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The Fixed Stars From a bestselling memoirist, a thoughtful and provocative story of changing identity, complex sexuality, and enduring family relationships   At age , while serving on a jury, author Molly Wizenberg found herself drawn to a female attorney she hardly knew Married to a man for nearly a decade and mother to a toddler, Wizenberg tried to return to her life as she knew it, but something inside her had changed irredeemably Instead, she would discover that the trajectory of our lives is rarely as smooth or as logical as we’d like to believe   Like many of us, Wizenberg had long understood sexual orientation as a stable part of ourselves: we’re “born this way” Suddenly she realized that her story was complicated Who was she, she wondered, if something at her very core could change so radically? The Fixed Stars is a taut, electrifying memoir exploring timely and timeless questions about desire, identity, and the limits and possibilities of family In honest and searing prose, Wizenberg forges a new path: through the murk of separation and divorce, coming out to family and friends, learning to coparent a young child, and realizing a new vision of love The result is a frank and moving story about letting go of rigid definitions and ideals that no longer fit, and learning instead who we really are  

10 thoughts on “The Fixed Stars

  1. says:

    2.5 stars. There are two questions I always consider first and foremost when reading memoir. The first is whether the writer has enough distance from the thing they are writing about. It is possibl

  2. says:

    4.5 stars rounded to 5 stars

    I rarely read memoirs, but this one called to me. The Fixed Stars is a very frank and absorbing account of Ms. Wizenberg’s painful yet steadfast journey to

  3. says:

    You know how when someone you sort of know has a really unexpected breakup, and you desperately want to ask them for all the details but that would be rude?
    This book is like if that person show

  4. says:

    It was hard for me to connect with the writing. It felt like she was listing fact after a fact, quote after a quote, without actually diving in and exploring the specific problem she was talking about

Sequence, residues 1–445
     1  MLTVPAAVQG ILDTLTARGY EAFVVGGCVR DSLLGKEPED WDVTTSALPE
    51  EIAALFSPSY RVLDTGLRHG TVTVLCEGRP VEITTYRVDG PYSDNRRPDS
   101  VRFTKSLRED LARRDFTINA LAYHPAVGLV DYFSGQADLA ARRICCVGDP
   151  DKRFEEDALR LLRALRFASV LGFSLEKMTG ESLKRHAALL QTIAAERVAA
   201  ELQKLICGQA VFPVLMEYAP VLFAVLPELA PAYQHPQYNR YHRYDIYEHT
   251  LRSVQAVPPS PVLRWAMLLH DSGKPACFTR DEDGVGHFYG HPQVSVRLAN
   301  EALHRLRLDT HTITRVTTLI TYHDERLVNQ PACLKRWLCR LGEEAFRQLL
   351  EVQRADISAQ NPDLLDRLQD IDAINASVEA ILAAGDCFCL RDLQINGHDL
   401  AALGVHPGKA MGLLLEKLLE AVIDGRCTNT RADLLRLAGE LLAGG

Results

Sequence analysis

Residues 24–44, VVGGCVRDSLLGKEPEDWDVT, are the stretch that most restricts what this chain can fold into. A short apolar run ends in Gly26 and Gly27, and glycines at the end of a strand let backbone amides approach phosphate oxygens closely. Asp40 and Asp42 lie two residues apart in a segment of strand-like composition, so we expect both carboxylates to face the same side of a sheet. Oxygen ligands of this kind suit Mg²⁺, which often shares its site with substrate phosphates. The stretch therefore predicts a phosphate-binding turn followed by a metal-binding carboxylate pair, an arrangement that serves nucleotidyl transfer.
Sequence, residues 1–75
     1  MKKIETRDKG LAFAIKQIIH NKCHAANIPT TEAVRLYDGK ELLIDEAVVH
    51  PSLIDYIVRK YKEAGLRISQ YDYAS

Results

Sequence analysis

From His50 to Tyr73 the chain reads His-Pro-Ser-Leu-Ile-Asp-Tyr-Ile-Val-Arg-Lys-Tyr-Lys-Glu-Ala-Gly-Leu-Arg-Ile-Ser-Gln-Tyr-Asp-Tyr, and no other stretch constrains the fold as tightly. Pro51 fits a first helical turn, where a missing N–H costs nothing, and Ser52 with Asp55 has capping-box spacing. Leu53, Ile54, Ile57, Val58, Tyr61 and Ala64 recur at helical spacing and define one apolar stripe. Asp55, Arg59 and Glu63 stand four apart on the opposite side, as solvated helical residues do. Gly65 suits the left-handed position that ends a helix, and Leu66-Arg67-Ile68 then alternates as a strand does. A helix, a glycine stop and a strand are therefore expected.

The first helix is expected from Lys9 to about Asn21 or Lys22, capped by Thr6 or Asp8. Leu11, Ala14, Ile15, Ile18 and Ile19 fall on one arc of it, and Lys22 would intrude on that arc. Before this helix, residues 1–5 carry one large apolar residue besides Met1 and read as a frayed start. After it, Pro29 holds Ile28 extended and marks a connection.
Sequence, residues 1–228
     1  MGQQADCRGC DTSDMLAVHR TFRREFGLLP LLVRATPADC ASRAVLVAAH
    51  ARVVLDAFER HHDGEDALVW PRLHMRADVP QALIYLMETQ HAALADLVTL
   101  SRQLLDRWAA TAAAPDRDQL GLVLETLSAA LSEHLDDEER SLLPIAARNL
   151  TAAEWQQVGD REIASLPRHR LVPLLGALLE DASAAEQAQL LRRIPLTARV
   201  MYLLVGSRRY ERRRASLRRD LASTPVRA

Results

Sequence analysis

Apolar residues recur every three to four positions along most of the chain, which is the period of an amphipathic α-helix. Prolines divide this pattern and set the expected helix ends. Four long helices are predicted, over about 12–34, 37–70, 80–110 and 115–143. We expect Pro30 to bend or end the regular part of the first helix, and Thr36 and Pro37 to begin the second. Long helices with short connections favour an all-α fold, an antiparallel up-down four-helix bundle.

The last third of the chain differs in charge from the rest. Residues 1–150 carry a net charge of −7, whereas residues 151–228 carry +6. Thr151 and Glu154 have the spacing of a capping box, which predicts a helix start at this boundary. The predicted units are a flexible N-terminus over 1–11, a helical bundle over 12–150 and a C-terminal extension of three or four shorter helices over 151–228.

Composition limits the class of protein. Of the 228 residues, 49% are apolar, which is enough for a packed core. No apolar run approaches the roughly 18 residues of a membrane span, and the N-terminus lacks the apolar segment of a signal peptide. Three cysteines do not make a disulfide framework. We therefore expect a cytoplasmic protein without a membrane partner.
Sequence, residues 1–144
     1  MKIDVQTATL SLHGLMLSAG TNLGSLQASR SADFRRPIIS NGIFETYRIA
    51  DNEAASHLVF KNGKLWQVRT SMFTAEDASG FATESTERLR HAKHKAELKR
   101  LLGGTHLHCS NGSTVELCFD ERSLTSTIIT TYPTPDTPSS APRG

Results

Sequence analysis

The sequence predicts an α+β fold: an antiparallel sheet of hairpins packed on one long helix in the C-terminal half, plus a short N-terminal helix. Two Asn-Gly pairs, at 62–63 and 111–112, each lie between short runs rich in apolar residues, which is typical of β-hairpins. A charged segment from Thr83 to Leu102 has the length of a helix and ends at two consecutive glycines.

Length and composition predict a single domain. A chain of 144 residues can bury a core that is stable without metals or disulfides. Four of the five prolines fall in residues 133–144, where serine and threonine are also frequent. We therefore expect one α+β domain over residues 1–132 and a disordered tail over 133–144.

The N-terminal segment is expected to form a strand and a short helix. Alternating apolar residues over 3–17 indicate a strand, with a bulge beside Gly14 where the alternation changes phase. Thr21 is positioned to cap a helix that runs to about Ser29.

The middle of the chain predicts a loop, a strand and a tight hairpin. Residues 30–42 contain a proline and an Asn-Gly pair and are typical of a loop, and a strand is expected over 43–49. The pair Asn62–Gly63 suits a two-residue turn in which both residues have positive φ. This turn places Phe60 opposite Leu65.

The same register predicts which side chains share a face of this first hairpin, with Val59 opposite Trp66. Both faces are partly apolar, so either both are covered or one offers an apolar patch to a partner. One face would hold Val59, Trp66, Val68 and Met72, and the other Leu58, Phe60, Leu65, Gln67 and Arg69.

5. says:

    I’d have to do some serious math to remember when I started reading Orangette, @molly.wizenberg’s blog, but a dozen years? I definitely read her memoir A Homemade Life while living in Harlem (2009)

  6. says:

    By contrast with her other two memoirs (especially A Homemade Life, one of my favorite books), this was an uncomfortable read. Fo

  7. says:

    The Fixed Stars is about a woman struggling with her identity and sexual orientation. She is married and has a child but realizes something in her has changed. I found it hard to connect with the writing

  8. says:

    On the one hand, I think Molly's story is very relatable, a woman who after marriage and a child realizes she is attracted to other women and can't just let it go. I think this happens to a lot of people,

  9. says:

    You and a friend that you haven’t seen in a while get together to discuss how life has changed since you last saw each other. You listen intently to her story, unable to break from her words. You listen

  10. says:

    While perusing goodreads reviews of this book before I started it, I found a review that compared this book to a friend showing up to your house with a bottle of whisky, ready to spill all the dirt on how a

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